When it was suggested I address the alcoholism issue that is so much a part of the foundational background of Wife of the House, I was reluctant.
In the poem, “Dream,” I created an imaginary camel ride in order to release anger about the disease of alcoholism in my family:
…grinning he humps towards a steep bank
for a drink at the bar
I pull in reins urging
don’t leave the caravan…
It was a long time before I achieved the detachment it took for me to write the poem near the end of the book, “Song to End Estrangement.”
How private pain is
may it heal and and soften
the rough grain
of our lives…
…may I be freed from that aching need…
healed from that heartbreaking pause
before I depart.
When my ex-husband was on his death bed due to alcohol induced neurological failure and before he could no longer speak, I came to the hospital to visit him. He grabbed my hand and said, “I have always loved you.” Years of pain eased in this one encounter; still, it doesn’t mean I have forgotten the terrible damage the disease of alcoholism has caused the entire family.
My personal journey consists of releasing guilt, shame and regret to a power higher than myself. From the intention to surrender and to accept the things I cannot change, comes relief and the space to practice gratitude. Gratitude was not always easily available to me, but now that it is, I much appreciate its tremendous healing power.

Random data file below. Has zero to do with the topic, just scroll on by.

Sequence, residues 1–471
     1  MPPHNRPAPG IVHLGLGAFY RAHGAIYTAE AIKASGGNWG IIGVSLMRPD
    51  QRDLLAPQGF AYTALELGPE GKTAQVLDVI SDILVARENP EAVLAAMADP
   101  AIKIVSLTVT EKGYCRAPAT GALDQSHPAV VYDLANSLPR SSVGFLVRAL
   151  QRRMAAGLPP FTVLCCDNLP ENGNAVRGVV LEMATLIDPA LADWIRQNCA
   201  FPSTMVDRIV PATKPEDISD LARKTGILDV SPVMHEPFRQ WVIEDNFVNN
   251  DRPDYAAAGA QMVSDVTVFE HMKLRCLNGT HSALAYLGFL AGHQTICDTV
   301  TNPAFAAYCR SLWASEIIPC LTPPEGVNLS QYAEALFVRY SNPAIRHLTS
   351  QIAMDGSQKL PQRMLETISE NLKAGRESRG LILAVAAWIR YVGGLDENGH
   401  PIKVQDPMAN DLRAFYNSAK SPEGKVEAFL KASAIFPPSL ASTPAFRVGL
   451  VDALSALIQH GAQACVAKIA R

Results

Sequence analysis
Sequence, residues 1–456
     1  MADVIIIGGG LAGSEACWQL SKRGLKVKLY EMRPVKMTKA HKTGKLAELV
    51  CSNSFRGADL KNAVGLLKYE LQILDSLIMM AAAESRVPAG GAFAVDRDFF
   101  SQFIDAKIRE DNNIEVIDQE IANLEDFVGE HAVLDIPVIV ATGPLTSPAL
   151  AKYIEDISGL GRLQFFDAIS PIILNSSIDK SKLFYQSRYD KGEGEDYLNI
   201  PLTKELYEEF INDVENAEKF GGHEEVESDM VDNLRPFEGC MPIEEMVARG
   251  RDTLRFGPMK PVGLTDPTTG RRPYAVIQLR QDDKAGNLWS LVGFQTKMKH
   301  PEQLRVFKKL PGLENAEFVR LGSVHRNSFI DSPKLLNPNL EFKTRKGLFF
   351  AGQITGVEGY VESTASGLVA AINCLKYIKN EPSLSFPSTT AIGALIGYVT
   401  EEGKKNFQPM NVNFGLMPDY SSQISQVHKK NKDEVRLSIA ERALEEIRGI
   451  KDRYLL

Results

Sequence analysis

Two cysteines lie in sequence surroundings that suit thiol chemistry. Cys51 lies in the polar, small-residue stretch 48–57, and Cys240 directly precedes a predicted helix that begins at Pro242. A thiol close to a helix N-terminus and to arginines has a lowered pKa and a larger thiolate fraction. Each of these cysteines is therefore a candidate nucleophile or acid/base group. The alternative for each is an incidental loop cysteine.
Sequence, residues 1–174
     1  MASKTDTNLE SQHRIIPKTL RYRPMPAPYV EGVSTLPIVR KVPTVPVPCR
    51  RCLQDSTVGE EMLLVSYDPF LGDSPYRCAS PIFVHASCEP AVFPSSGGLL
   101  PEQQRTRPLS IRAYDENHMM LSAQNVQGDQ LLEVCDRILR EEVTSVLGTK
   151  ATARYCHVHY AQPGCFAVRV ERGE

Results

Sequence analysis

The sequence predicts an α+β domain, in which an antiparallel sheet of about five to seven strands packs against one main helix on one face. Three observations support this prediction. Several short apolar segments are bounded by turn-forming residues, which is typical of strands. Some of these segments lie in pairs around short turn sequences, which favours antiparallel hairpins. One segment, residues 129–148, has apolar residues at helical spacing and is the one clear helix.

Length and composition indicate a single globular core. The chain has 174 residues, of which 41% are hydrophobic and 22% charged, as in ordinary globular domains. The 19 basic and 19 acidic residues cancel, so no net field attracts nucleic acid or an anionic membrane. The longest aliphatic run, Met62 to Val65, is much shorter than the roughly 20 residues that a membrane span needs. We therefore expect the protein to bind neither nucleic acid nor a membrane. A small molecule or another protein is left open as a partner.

During the time I was writing the poems in Wife of the House, I remember a water heater accident when my hair caught on fire. By the time I arrived at a twelve-step meeting later that week, I had accumulated a long list of complaints about how much misery I was experiencing. It was gently suggested that I might try to practice gratitude. My mind did not respond well. Gratitude? Gratitude? How can I be grateful for the terrible things going on?
It took years of persistent effort to realize how my judgments and opinions about my problems were the problem. For me, to be mindful, to be a yogini meant changing what I needed to change with wisdom and also finding a way to be with what I am not able to change, rather than losing myself to reactivity.